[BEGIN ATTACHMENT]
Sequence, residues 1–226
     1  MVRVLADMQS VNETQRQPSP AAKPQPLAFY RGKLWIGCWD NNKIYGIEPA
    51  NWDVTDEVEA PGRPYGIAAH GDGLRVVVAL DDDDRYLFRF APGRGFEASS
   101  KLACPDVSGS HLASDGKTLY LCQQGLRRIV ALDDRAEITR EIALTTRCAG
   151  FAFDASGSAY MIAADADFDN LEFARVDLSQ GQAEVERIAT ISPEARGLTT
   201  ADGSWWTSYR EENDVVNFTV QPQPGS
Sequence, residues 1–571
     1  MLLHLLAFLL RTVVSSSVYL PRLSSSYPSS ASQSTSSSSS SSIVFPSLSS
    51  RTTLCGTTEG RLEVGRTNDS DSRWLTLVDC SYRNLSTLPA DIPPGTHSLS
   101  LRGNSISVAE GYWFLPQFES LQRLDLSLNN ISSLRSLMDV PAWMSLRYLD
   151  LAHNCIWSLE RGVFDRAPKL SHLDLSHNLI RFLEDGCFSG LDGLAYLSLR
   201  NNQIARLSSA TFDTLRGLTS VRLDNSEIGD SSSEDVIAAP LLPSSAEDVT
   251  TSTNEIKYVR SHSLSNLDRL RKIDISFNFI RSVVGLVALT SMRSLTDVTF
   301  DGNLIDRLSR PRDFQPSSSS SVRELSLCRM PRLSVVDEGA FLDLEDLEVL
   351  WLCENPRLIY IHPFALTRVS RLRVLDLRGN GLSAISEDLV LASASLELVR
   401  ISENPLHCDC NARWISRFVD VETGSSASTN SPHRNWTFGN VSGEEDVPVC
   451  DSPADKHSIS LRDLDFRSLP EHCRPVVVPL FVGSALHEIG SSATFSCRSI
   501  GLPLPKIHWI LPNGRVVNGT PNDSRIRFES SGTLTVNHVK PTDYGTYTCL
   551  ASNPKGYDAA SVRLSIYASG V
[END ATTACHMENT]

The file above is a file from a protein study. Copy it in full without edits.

Sequence, residues 1–226
     1  MVRVLADMQS VNETQRQPSP AAKPQPLAFY RGKLWIGCWD NNKIYGIEPA
    51  NWDVTDEVEA PGRPYGIAAH GDGLRVVVAL DDDDRYLFRF APGRGFEASS
   101  KLACPDVSGS HLASDGKTLY LCQQGLRRIV ALDDRAEITR EIALTTRCAG
   151  FAFDASGSAY MIAADADFDN LEFARVDLSQ GQAEVERIAT ISPEARGLTT
   201  ADGSWWTSYR EENDVVNFTV QPQPGS
Sequence, residues 1–571
     1  MLLHLLAFLL RTVVSSSVYL PRLSSSYPSS ASQSTSSSSS SSIVFPSLSS
    51  RTTLCGTTEG RLEVGRTNDS DSRWLTLVDC SYRNLSTLPA DIPPGTHSLS
   101  LRGNSISVAE GYWFLPQFES LQRLDLSLNN ISSLRSLMDV PAWMSLRYLD
   151  LAHNCIWSLE RGVFDRAPKL SHLDLSHNLI RFLEDGCFSG LDGLAYLSLR
   201  NNQIARLSSA TFDTLRGLTS VRLDNSEIGD SSSEDVIAAP LLPSSAEDVT
   251  TSTNEIKYVR SHSLSNLDRL RKIDISFNFI RSVVGLVALT SMRSLTDVTF
   301  DGNLIDRLSR PRDFQPSSSS SVRELSLCRM PRLSVVDEGA FLDLEDLEVL
   351  WLCENPRLIY IHPFALTRVS RLRVLDLRGN GLSAISEDLV LASASLELVR
   401  ISENPLHCDC NARWISRFVD VETGSSASTN SPHRNWTFGN VSGEEDVPVC
   451  DSPADKHSIS LRDLDFRSLP EHCRPVVVPL FVGSALHEIG SSATFSCRSI
   501  GLPLPKIHWI LPNGRVVNGT PNDSRIRFES SGTLTVNHVK PTDYGTYTCL
   551  ASNPKGYDAA SVRLSIYASG V